When it comes to podcasting, providing great content alone won’t cut it. While crucial, awesome content would be worthless if your audio leaves much to be desired. Not everyone may be aware of it but in the podcasting world, great audio is just as important as compelling content.
Fortunately, there are plenty of strategies you can adopt to significantly improve the sound quality of your podcast and we’ve outlined some of the most beneficial ones below.
Before you start recording, look for things in your surroundings that are likely to make noise. Can you hear mouse clicks while recording? Cell phones? Pets? Computer fans? I’m pretty sure you get the drift.
Also, use your headphones to figure out what your mic is picking up before you start recording. As much as you can, keep unwanted noise to a minimum. A cleaner recording will be way easier to edit later on.
In addition, be mindful of the acoustics of the space you will be recording in. Surfaces that are hard and flat will reflect sound in the same manner a mirror reflects light.
To minimize reflections, make sure you leave space around you and your microphone. Set it up near bookcases or on a carpet and away from walls.
The burst of air that exits your mouth when you make the “B” and “P” sounds are called plosives and they can appear like giant gusts of wind to your microphone.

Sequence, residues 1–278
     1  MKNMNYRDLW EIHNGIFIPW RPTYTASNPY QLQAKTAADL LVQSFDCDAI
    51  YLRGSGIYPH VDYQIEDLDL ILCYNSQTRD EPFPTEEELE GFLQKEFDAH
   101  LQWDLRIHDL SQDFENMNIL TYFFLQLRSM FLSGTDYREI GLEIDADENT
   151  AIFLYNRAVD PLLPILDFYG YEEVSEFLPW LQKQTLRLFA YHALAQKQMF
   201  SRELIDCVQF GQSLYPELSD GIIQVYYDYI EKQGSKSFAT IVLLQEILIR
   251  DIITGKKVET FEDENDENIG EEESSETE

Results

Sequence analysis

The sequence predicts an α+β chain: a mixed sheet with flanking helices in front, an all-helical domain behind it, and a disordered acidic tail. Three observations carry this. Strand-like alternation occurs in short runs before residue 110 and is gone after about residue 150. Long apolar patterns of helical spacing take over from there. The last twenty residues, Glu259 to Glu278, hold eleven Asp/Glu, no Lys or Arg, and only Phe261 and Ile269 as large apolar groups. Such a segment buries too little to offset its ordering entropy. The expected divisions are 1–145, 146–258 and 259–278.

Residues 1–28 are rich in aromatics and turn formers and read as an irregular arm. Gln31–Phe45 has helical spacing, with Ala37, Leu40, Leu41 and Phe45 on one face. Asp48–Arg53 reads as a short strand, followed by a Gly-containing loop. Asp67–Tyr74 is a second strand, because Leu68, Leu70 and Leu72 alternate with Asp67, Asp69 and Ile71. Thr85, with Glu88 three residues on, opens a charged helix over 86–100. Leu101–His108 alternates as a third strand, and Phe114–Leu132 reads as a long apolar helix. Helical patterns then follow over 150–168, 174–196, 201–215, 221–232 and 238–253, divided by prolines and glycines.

To abate plosives, use a pop filter or a windscreen and refrain from talking directly into the front of your mic. Also, consider setting your mic up slightly to the side.
Don’t shy away from experimenting with microphone placement until you find one that will work best for you.
Sure, sitting down while recording sounds way more comfy. However, many voiceover artists and broadcasters stand when recording so they are able to provide a confident and strong read and better air support. Standing can also dramatically reduce reflections caused by your desk.
To ensure you are able to set a modest and good input level, aim to speak at a speaking voice that’s normal-to-loud and make the level around -20 dB or around halfway up on most meters.
Test with an emphatic phrase or a hearty laugh to ensure the level does not peak beyond 0 dBFS. If you think it might, consider turning it down and staying conservative.
Before you record an entire podcast, it will be a good idea to do a test recording first. Or if you find that too much of a hassle, listen to a few of your prior recordings and compare it with other podcasts with impeccable sound quality. Take notes if you must of the areas you need to improve on. Do you hear unwanted noise that should have been removed? Does your read appear to trail off at the end?
If you are not able to achieve the audio quality you want on your own, don’t hesitate to invest in the help and expertise of seasoned podcast editors. Not only will it save you time and effort (and spare you from a lot of headaches), you can also rest assured you’ll be able to deliver something that’s remarkable, polished, and professional.
What audio challenges have you encountered so far and how did you resolve them? Feel free to share with us your thoughts in the comments section below.
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